The arrival of 5G networks has become one of the most discussed topics in the commercial real estate industry. If and when this faster network becomes mainstream, building owners will find themselves needing to make sure their properties’ in-building network can accommodate any 5G devices their tenants might be using—including mobile phones.
Yes, while 5G networks have been thought of as being a driving force for technologies like self-driving cars, augmented and virtual reality and Internet of Things (IoT) devices, mobile phone users will most likely expect their devices to be able to leverage the network, too. Currently, there has not been much information disclosed about what users can expect from 5G smartphones once they can become available, but there are some details customers can anticipate.
Brands and Products’ Offerings
Currently, OnePlus, Samsung, LG, Google, Asus, Xiaomi, Nokia are among the companies that are expected to introduce 5G smartphones, according to Digital Trends’ Rose Behar. Samsung’s Galaxy S10 smartphone is expected to have a 5G option that will feature a 6.7-inch screen and six cameras. The 5G smartphone will be exclusive to Verizon for the first half of this year, and AT&T, Sprint, T-Mobile, Spectrum Mobile and Xfinity Mobile will offer it this summer, according to The Wall Street Journal.
Meanwhile, Verizon will sell an attachment during the first half of the year, the 5G moto mod, for the Motorola moto z3 phone so it can access the carrier’s 5G networks, The Wall Street Journal reports. Sprint and Verizon will offer LG’s first 5G smartphone, the LG V50 ThinQ 5G during the spring and summer, respectively. All of the major carriers expect that more 5G compatible devices will be made available from numerous carriers going forward.
Apple is not expected to join the 5G smartphone fray in 2019 however, The Wall Street Journal reports. Mark Hung, an analyst with research firm Gartner, Inc., stated iPhone users will probably have to wait until next year before Apple releases a 5G model.
(Potentially) Faster Speeds
5G smartphone users might expect their devices to move significantly faster than their 4G LTE predecessors, but the difference might not be as significant as people might think, according to analyst Joe Madden. How quickly a user can launch an app depends a lot more on the phone’s computing power than the amount of time it takes to transfer data. Behar writes the early results seen from the fixed wireless devices AT&T has deployed are rather close to current 4G LTE speeds, but that could change as these tests are in the early stages.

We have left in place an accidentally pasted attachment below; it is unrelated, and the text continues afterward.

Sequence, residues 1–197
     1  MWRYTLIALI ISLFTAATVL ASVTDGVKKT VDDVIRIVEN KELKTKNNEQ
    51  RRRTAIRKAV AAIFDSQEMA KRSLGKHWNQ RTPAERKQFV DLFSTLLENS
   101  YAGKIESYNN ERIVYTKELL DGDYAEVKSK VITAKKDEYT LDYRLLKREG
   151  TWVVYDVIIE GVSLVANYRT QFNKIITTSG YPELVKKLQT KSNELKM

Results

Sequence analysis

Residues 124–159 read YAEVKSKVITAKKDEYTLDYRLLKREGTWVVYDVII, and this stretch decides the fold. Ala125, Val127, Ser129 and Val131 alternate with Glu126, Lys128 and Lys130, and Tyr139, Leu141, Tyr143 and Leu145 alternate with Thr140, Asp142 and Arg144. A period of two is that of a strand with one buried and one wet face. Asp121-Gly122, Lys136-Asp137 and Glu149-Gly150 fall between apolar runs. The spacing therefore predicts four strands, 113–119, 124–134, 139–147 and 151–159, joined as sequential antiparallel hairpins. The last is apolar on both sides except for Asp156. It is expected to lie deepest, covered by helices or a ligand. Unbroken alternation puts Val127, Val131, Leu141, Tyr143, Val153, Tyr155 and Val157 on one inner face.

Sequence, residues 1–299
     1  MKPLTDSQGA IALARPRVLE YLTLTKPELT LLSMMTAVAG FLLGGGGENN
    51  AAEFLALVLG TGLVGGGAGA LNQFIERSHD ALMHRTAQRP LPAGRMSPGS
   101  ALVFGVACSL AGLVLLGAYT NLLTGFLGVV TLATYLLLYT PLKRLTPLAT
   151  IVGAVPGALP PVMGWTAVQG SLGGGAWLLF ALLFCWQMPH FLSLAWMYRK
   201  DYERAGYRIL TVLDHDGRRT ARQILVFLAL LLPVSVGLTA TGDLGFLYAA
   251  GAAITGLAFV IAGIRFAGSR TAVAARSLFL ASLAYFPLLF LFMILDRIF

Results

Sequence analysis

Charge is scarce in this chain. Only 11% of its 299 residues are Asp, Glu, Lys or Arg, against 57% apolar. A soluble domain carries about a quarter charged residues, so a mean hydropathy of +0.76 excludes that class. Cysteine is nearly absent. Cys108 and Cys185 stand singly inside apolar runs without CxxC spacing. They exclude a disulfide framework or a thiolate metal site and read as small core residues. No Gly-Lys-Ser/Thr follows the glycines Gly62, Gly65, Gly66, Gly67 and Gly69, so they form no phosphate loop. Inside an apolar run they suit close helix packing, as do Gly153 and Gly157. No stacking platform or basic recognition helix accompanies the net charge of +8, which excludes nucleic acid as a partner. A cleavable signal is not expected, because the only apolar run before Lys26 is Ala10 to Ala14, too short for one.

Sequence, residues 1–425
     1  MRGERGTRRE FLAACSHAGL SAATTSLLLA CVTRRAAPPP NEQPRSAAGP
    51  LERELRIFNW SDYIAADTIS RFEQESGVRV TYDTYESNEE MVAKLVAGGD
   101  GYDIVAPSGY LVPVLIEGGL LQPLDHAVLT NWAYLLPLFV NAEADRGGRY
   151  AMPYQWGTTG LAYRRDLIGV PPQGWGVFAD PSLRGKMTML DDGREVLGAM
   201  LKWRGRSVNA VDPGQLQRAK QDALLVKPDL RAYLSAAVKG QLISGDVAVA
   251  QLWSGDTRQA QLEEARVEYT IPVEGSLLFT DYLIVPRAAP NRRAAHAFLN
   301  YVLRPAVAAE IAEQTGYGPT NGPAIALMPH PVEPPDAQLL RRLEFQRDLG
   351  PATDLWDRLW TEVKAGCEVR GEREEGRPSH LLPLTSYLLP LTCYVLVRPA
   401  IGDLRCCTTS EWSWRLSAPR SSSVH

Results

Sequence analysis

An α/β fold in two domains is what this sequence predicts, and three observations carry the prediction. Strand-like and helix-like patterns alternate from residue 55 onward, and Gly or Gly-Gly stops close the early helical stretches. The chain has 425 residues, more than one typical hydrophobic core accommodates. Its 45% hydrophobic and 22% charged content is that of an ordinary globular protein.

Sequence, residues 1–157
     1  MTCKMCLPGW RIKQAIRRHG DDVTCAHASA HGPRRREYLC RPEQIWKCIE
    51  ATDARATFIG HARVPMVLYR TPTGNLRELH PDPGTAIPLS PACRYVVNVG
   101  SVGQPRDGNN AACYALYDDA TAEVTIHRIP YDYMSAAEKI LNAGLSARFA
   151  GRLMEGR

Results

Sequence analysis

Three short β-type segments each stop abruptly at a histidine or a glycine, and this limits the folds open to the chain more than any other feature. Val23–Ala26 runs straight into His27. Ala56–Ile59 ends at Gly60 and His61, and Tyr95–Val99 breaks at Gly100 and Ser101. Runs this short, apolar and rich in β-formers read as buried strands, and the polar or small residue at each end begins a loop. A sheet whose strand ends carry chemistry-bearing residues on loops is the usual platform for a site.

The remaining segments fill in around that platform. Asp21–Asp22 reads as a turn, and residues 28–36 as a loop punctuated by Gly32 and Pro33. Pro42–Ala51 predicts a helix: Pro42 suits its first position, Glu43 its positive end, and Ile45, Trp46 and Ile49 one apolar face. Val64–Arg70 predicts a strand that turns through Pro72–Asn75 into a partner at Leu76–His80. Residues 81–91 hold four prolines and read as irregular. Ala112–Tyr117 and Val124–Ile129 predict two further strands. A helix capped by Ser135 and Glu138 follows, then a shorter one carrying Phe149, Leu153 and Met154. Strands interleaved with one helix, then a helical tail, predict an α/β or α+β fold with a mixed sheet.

Additionally, wireless carriers haven’t deployed all of their new spectrum and infrastructure and work’s still being done on the 5G standard itself, Digital Trends reports. So while it’s difficult to say how much carriers will increase their speeds at the moment, users should have answers sooner than later given the current pace of 5G development. Within the next few years, peak speeds in ideal conditions should achieve 5Gbps or more, which would accommodate mobile VR and AR technologies—two of 5G smartphones’ most promising technological advances.
Size and Price Increases
If 5G is going to impact smartphones like customers expect, manufacturers will have to include multiple mmWave antennas into the devices, which use technologies such as beamforming to direct sensitive short-range signals, according to Digital Trends. Additionally, devices that leverage Qualcomm’s Snapdragon 855 5G technology will need both 5G and LTE modems. These enhancements will all but ensure 5G smartphones will be more expense and thicker than the average LTE mobile device.
Counterpoint Research analyst Jeff Fieldhack expects the aforementioned Galaxy S10 5G smartphone will cost more than $1,000, according to The Wall Street Journal. Meanwhile, Samsung announced its smartphone that unfolds into a tablet will also support 5G—and start at nearly $2,000.
Coverage Limitations—For Now
While AT&T, Verizon, T-Mobile and Sprint all plan to deploy a 5G network this year, their initial rollouts will only take place in certain parts of the country—larger cities like Los Angeles, Chicago and Atlanta. A nationwide deployment will most likely take years, The Wall Street Journal reports.
“Even if you have a 5G phone this year, your chance of actually accessing a 5G network is probably fairly low,” Hung said.